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Full NameProfessor Elisabeth Vandenberghe
Organisation:Trinity College Dublin
- genetics, genomics and molecular biology
- Clinical Trials
My research interest in lymphoid malignancies is based on clinical trial involvement and translating molecular diagnostics into precision medicine pathways. I direct the Cancer Trials Unit (CTU) at St James Hospital (SJH) and am PI of 17 Phase II/III trials(5 open/12 completed) leading to 7 publications. I collaborate internationally with the European Mantle Cell Lymphoma (MCL) network and am on the lymphoma sub-group of the European Blood and Marrow Transplant (EBMT) and have co-authored 7 registry publications.
I direct the Cancer Molecular Diagnostic (CMD) laboratory at SJH which provides a national diagnostic service focussing on
(1) MCL including association with t(11;14) and treatment pathway incorporating transplantation, targeted therapy with ibrutinib and MRD-based treatment.
(2) Chronic lymphocytic leukaemia (CLL):I opened the only national multi-institutional phase II molecular and clinical trial, (published 2017). I collaborate with the European Research Initiative in CLL ‘big data’ project (submitting 140 genetically characterised cases). I am PI of a recruiting multi-institutional molecular epidemiology study of CLL.
(3) T lymphoid malignancies: the molecular diagnosis of T-large granular lymphocytic leukaemia and molecular analysis-based risk of coeliac disease transformation to lymphoma
I collaborate with Dr McElligott from Trinity Translational Medicine Institute (TTMI) who investigates cellular mechanisms of leukaemogenesis and new drug therapies and Professor Bracken (TCD) who leads an SFI-funded project ‘Understanding the role of EZH2 deregulation in B-Cell Lymphomas’.
Translational research in germinal centre lymphomas:
- I collaborate with Professor Adrian Bracken, Smurfit Institute of Genetics, TCD and Prof J Fitzgibbon, Barts Cancer Institute, on the role of EZH2 in germinal centre lymphomagenesis and will co-supervise a PhD student on that project in the next year working on a small biobank of available samples. The next phase of this study will require the identification and genetic characterization by NGS of different types of germinal centre lymphomas which can then be studied epigenetically. EZH2 inhibitors are clinically active, however their therapeutic activity does not co-segregate with mutation status and further analysis with the NGS based lymphoma chip which we can access through a current collaborator is likely to elucidate genetic pathways relevant to epigenetic disruption. EZH2 inhibitors are currently in phase 1 clinical trials and I would hope to open a relevant clinical trial for my lymphoma cohort. This project would suit a clinician scientist by providing clinical trial experience, translational experience by deep sequencing characterization of lymphomas in TTMI and finally functional epigenetic analysis in the Institute of Genetics.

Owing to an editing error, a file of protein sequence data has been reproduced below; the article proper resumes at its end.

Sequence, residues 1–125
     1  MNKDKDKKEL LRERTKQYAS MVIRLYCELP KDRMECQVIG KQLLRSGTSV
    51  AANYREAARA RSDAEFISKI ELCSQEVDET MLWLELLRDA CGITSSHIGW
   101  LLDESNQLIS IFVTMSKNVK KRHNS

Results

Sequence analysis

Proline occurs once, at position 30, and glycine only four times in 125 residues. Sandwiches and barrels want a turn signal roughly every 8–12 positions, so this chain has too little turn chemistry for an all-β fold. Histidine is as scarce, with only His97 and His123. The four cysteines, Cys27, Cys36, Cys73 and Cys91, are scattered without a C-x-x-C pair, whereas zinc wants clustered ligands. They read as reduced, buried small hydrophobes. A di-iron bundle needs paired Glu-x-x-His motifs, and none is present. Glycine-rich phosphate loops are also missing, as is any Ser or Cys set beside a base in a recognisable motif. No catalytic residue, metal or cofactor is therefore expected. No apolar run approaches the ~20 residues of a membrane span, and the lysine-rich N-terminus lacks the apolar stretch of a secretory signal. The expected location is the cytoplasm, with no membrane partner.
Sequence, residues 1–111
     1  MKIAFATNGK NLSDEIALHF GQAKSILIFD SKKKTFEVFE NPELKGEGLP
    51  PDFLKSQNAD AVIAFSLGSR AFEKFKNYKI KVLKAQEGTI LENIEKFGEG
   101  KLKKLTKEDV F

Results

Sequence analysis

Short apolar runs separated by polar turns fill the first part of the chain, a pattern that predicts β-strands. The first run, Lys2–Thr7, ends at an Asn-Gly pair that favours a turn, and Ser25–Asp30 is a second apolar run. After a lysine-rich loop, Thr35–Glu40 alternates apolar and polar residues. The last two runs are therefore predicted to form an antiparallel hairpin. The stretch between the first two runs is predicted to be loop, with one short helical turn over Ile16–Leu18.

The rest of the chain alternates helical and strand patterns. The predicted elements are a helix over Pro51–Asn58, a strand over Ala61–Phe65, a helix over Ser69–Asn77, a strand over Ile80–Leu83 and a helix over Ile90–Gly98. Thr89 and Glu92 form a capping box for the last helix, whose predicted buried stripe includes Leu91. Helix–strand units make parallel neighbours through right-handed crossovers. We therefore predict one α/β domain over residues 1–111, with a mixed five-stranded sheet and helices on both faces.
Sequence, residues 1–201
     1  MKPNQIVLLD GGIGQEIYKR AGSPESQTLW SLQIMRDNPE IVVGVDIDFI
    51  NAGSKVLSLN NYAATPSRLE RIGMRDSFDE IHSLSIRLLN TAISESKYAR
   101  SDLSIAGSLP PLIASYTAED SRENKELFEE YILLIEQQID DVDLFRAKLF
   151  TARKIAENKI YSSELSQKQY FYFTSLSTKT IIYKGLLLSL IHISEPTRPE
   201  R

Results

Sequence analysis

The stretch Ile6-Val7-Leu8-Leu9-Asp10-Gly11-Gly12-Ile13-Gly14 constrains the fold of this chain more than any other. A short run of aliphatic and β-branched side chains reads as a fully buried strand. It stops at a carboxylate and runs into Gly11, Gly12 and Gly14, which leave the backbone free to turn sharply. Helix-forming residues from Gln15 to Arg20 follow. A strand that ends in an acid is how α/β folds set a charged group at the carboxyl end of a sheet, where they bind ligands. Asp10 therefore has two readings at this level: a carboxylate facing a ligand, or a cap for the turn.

CART therapy with axicabtagene ciloleuce (Gilead) and tisagenlecleucel (Novartis) may cure patients with otherwise refractory B-lymphoid malignancies and is undergoing EMEA review. CART therapy is delivered through allogeneic Stem Cell Transplant units such as the national SJH unit, because it is complex, toxic and expensive. We will collaborate with scientists in the TCD School of Immunology, to dissect the immunologically driven, idiosyncratic toxicities of CART therapy in vitro and this collaboration will have an international element also.
Regulation of chronic lymphocytic leukaemia cell homing and trafficking:
- Inhibition of the B cell receptor (BCR) signalling pathway has shown remarkable clinical activity in chronic lymphocytic leukaemia (CLL). In collaboration with Dr Tony McElligott in the TTMI, we have shown that the transcription factor STAT3 is a downstream target of BCR signalling and has a key role in regulating both cell survival and expression of L-selection, a key adhesion molecular homing and trafficking of CLL cells to lymph node microenvironments. We wish to further investigate the cross-talk between the BCR and the JAK/STAT3 signalling pathways and investigate novel therapeutic strategies for patients who do not respond well to BCR inhibitor therapy.